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Criminal Justice Reform From The Bottom Floor

On Behalf of | Jun 27, 2017 | Criminal Law |

A bi-weekly series of articles about criminal justice reform issues in Oklahoma seen from the perspective of TTB LAW lead criminal attorney Sam Talley.

Most of the discussion and action on the issue of criminal justice reform is presently taking place on what I like to call the “top floor” – meaning it is in the legislature, with the Governor, and luckily, with the team of Eagles in the community that make up “Oklahomans for Criminal Justice Reform,” one of this State’s best and most important associations. I live on the bottom floor of this issue if you will, in the trenches as a trial lawyer, and that is not a complaint from me. I have found out that is where I am supposed to be, and where I am most beneficial to my clients tackling these issues of reform.

I appreciate all that is happening above me in this State, and am thankful the battle is underway and turning. I am pleasantly amazed that mass incarceration is one of the few issues both political parties can agree on in the media. It shows how big of a problem we have. While I appreciate the top floor, the top floor members need to spend, or continue to spend, as much time on the bottom floor as is possible to see the issues first hand. Even more importantly, lawyers on the bottom floor must do their part. If we don’t use the reform legislation given to us, what’s the point of complaining about the problems?

One great example of criminal justice reform, that we actually have and are not waiting on in politics, that is not currently being utilized is the Justice Safety Valve Act. This series of articles I am writing will explore several more areas of law where reform is present or needed, but let’s look at this issue only in this article. The Justice Safety Valve Act was passed in November 2015, and it gives district judges the ability to avoid a minimum mandatory sentence for a repeat non-violent offender. It is powerful in theory in that it allows the District Courts to interrupt the cycle of repeated incarceration; to try find and fix the problems in a person’s life, rather than locking them up and throwing away the key and to use a safety valve on them to avoid prison. This law was an initial step in the right direction of reform, which overall is a project of re-arming the justice system to help people and the State instead and move away from the system of mass incarceration we currently have.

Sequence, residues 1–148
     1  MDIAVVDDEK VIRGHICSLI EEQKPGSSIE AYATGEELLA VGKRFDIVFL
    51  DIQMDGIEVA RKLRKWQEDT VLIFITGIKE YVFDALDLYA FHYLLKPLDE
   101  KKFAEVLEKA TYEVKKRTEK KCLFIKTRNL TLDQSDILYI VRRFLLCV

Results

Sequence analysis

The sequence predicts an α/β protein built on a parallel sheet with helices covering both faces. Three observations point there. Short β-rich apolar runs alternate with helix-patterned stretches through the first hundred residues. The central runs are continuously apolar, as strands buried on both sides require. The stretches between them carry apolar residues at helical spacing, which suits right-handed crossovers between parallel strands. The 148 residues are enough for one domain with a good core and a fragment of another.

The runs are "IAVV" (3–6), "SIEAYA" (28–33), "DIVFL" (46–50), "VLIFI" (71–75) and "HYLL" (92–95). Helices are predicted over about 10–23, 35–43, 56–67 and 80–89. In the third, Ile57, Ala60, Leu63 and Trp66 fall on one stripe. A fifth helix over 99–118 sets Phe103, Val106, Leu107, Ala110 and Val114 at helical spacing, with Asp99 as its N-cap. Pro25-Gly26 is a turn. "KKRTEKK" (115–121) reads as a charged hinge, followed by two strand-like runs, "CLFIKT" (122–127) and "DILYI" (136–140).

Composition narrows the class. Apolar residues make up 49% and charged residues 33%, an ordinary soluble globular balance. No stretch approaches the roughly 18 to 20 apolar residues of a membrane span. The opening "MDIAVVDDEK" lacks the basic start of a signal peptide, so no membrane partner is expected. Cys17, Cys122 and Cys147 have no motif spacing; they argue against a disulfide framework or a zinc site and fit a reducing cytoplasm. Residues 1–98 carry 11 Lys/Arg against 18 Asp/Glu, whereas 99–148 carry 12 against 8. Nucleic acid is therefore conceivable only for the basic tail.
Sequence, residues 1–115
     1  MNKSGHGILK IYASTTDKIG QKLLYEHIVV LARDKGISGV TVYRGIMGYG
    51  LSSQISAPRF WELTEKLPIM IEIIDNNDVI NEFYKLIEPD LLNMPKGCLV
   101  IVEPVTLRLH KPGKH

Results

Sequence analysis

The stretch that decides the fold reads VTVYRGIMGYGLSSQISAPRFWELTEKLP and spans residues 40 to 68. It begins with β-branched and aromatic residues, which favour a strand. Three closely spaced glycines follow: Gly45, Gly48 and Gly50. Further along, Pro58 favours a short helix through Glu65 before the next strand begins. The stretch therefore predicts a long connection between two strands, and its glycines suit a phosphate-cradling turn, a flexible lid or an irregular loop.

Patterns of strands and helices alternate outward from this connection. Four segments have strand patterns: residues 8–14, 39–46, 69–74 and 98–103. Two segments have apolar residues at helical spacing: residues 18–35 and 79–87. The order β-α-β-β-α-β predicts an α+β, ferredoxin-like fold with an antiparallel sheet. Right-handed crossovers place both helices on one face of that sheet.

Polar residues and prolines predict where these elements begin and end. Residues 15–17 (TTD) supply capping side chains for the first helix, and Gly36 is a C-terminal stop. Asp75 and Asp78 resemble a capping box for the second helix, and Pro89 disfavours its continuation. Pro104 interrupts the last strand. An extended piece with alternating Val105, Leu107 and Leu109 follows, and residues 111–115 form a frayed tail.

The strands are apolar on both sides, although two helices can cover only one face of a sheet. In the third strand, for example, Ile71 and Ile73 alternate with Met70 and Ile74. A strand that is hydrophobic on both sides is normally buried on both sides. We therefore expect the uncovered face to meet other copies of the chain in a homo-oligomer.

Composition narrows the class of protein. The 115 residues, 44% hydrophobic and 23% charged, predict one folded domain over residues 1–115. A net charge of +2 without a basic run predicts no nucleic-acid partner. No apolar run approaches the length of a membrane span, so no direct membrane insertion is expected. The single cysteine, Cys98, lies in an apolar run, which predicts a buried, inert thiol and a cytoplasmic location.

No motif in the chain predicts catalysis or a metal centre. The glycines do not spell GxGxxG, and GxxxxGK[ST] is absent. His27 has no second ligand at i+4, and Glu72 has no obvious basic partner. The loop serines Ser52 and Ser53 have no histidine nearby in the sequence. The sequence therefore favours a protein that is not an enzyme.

Here is the issue: it is not even being used. Every time a district court uses the act for a defendant it must be documented per law. Amazingly, it has been used by a court ONLY ONCE in this State since inception that is documented. I recently called the Oklahoma and Tulsa County clerks and the Administrative Office of Courts who are three of the largest agencies which would document results from our State and that is what I was told.

We can do better than this. My firm and others are arguing for this in courtrooms daily but if Judges are not educated or empowered to use this system and/or break from their traditional systematic decisions that lead toward incarceration, then what is even the point of reform? Reform must be met with action from the bottom floor, and we need help not only in policy from the top floor but we need action. We will keep fighting. I know that is where we are now. And I have hope we will win eventually.